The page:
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Even given the inherent limitations of haplogroup assignment these results seem to make historical sense although the analysis perhaps was overtly focussed on establishing an exclusive link between South Carolina with the Grain Coast a.k.a. Upper Guinea. It’s mostly in line with my previous discussion of the Gullah language and South Carolina runaway slaves. There is in fact another study dealing specifically with the maternal haplogroups of the Gullah, but it’s not available online so i couldn’t read it entirely. Its main conclusion seems to be again in support however:

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“Genetic distance estimates indicated a close relationship of Gullahs and Jamaicans with Sierra Leoneans, while African Americans living in Charleston and the West Coast were progressively more distantly related to the Sierra Leoneans “

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For the full abstract of that study see this link: “Mitochondrial DNA (mtDNA) haplotypes reveal maternal population genetic affinities of Sea Island Gullah-speaking African Americans“. 

To return to the Y-DNA study these were the population samples they used (also to be seen in the map above), it seems that especially crucial samples from Ghana & Congo/Angola were missing.

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“population samples: Afro-Caribbean subjects were
recruited from St. Thomas (N =113) and Kingston, Jamaica
(N = 75). African Americans were recruited from Washington, DC
(N = 106) and Columbia, S.C. (N = 426). African American and
Caribbean subjects were recruited for various cancer genetic
studies [36,37,38,39]. West African samples (N =508), included 48
Bini from Edo State, Nigeria; 64 Ibo from Enugu State, Nigeria;
18 Hausa from Jos, Nigeria, 49 Yoruba from Ibadan, Nigeria; 61
Yoruba from Lagos, Nigeria; 28 Urhobo and 21 Itsekiri from the
Warri Delta region of Nigeria; 34 Kru from Freetown, Liberia; 47
Mende and 34 Temne from Freetown, Sierra Leone [38]; 19
Mandinka from Dakar, Senegal; and 85 Bamileke from Yaounde,
Cameroon”

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In below graph their main finding of the South Carolina samples (AASC) being distinct from the other Afro-Diasporic sample groups (JM, ST & AADC) is clearly shown by the way it’s most closely clustering with the Mandenka (MAN) samples from Senegambia.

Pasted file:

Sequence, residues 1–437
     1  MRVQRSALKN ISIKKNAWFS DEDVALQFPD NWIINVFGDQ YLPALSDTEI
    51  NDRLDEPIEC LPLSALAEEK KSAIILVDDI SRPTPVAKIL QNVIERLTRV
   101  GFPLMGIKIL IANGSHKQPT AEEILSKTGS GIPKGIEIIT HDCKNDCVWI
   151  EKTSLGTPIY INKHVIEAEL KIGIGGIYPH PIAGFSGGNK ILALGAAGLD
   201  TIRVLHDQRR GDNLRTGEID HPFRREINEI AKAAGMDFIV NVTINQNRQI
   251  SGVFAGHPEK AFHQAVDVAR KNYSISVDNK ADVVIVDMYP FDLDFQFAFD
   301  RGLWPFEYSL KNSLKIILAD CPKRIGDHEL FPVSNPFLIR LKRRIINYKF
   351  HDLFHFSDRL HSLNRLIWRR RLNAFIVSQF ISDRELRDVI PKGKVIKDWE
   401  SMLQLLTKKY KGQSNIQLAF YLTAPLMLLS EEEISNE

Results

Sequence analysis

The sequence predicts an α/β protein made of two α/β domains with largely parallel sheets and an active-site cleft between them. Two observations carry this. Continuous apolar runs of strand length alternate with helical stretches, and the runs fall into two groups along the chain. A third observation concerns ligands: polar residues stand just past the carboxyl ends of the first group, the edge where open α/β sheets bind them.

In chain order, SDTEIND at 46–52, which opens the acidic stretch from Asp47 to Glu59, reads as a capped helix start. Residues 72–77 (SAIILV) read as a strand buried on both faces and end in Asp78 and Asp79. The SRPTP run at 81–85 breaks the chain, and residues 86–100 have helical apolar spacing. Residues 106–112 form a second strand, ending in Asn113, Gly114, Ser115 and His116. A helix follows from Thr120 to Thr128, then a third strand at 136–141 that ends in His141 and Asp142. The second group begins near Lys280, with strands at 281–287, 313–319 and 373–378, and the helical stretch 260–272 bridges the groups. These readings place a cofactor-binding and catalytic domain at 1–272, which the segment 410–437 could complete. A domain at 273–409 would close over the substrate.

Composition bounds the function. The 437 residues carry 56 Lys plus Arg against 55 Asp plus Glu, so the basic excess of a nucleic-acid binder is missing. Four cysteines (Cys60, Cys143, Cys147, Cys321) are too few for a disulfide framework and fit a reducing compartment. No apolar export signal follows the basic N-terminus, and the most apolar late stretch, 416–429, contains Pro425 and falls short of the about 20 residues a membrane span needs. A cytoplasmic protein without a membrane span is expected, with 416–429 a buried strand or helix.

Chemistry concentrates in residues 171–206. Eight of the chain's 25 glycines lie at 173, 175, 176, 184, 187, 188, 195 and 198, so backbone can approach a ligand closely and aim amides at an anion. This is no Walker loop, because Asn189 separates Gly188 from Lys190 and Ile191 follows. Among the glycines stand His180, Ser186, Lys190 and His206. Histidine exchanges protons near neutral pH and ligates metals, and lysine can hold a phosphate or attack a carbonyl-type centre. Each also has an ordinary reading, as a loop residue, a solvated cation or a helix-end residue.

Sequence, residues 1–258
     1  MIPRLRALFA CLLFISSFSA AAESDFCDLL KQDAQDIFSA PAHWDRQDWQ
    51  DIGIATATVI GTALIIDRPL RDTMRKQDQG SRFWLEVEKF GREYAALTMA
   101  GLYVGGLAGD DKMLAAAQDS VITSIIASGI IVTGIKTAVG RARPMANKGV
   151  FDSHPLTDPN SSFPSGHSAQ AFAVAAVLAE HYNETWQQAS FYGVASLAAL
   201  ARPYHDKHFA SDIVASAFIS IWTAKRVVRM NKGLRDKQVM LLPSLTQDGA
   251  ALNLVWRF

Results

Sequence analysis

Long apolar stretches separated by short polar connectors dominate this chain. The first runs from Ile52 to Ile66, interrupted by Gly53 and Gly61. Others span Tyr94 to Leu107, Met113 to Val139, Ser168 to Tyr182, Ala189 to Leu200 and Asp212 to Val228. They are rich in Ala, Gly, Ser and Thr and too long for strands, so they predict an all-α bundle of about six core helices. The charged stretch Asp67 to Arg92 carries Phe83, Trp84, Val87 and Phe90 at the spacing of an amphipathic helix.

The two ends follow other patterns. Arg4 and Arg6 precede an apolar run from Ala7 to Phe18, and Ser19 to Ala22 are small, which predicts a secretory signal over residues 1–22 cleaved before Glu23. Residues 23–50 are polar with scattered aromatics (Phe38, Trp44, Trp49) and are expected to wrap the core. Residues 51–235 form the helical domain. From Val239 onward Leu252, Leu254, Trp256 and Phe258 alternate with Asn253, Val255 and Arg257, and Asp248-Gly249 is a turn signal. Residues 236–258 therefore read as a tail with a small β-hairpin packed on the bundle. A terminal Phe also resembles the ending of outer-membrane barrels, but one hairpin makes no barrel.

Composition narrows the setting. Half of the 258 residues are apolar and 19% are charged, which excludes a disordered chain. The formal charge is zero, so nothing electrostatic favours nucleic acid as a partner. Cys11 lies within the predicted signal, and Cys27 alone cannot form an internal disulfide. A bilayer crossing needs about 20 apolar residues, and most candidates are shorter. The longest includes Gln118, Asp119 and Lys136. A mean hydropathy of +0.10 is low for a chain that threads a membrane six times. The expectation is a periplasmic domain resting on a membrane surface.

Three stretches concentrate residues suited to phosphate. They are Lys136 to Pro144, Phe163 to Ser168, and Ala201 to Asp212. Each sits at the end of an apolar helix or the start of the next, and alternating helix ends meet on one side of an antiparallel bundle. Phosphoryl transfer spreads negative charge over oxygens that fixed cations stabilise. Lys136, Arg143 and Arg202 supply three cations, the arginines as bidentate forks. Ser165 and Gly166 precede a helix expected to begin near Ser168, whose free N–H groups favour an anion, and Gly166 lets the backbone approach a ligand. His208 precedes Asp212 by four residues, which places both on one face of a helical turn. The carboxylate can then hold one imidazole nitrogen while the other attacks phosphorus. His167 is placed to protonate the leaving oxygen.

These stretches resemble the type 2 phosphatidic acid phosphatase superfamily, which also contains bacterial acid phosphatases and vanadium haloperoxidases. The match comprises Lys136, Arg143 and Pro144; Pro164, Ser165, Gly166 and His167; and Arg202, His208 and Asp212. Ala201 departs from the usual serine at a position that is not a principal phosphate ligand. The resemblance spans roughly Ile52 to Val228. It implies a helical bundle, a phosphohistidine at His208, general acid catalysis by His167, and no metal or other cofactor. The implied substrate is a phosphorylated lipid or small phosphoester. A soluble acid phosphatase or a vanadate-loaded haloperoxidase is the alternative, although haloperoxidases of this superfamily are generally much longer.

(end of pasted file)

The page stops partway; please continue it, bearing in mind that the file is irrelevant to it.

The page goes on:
Y Chromosome Lineages (graph)

Figure 2. Plot of the first two principal components of a Y chromosome genetic distance matrix estimated for 17 populations.

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A final overview of their findings is fascinating but also a bit puzzling. The African American samples from South Carolina (AASC) are being shown as having shared Y haplotypes with all the African sample groups, the highest number being shared with Nigerians (Yoruba’s, Igbo & Bini), the Upper Guinean groups coming in second place. However the other African Americans from Washington DC (AADC) and the West Indians (JM & ST) hardly share any Y-haplotypes, except amongst each other. Perhaps it’s because of the absence of Ghanaian samples but it’s also peculiar that only a few shared matches are found with the Igbo (IBO) samples while otherwise it’s mostly the Bamileke (BAM) from Cameroon or European Americans (EA). As a concluding observation it’s perhaps telling that the African samplegroups themselves have plentiful matches between each other; the Mandenka are sharing several Y haplotypes with the Yoruba for example.

Y Chromosome Lineages Table - shared haplotypes

Table 4. Matrix of shared Y chromosome haplotypes and RST genetic distances

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6 gedachten over “Locating African American haplogroups within Africa

  1. My maternal haplogroup is a subclade of L2c – L2c2a (exactly assigned from NG, FTDNA, and 23). I have moderate matches at HVR1 level, few at HRV1/HRV2 level, and none at full sequence (via FTDNA “Ancestral Origins”). Interestingly, at the HVR1 level, I have matches from Spain and Portugal. Senegal, Ghana and Kenya are included as well. However, at the HVR1/2, my exclusive African match (out of 3 matches) is from Senegal. Studies have shown that L2c occurs in high frequency in the Senegal-Gambia region. This may possibly hint to my most recent African maternal origin, the operative word being “possibly”. My YDNA Haplogroup is E-U174 (E1b1a7a), a subclade of E-M2 (E1b1a). An exact match with 12 markers is from Ghana (Ga). Twelve markers with 1 genetic distance, I have several; but for Ghana, again, I have 3 matches (2 Ewe and 1 Fante). Although this is a low resolution test (12 markers), the exact match from Ghana (Ga ethnic group) in relationship to the three 1 genetic distance matches from Ghana may hint to a YDNA with, at least, a genetic profile similar to the Ga-Ewe-Fante cluster. This is by far inconclusive; yet considering that the Ga and Ewe are very closely related genetically and culturally and live in close proximity to the Fante in Accra says something. Additionally, my highest ethnic estimate via AncestryDNA is Benin/Togo (46%?), where the majority of the Ewe reside. Finally, the autosomal statistics that you referenced seems to be pretty accurate, since the DNA i inherited from Africa, according to all three major testing companies, indicates exactly 80%.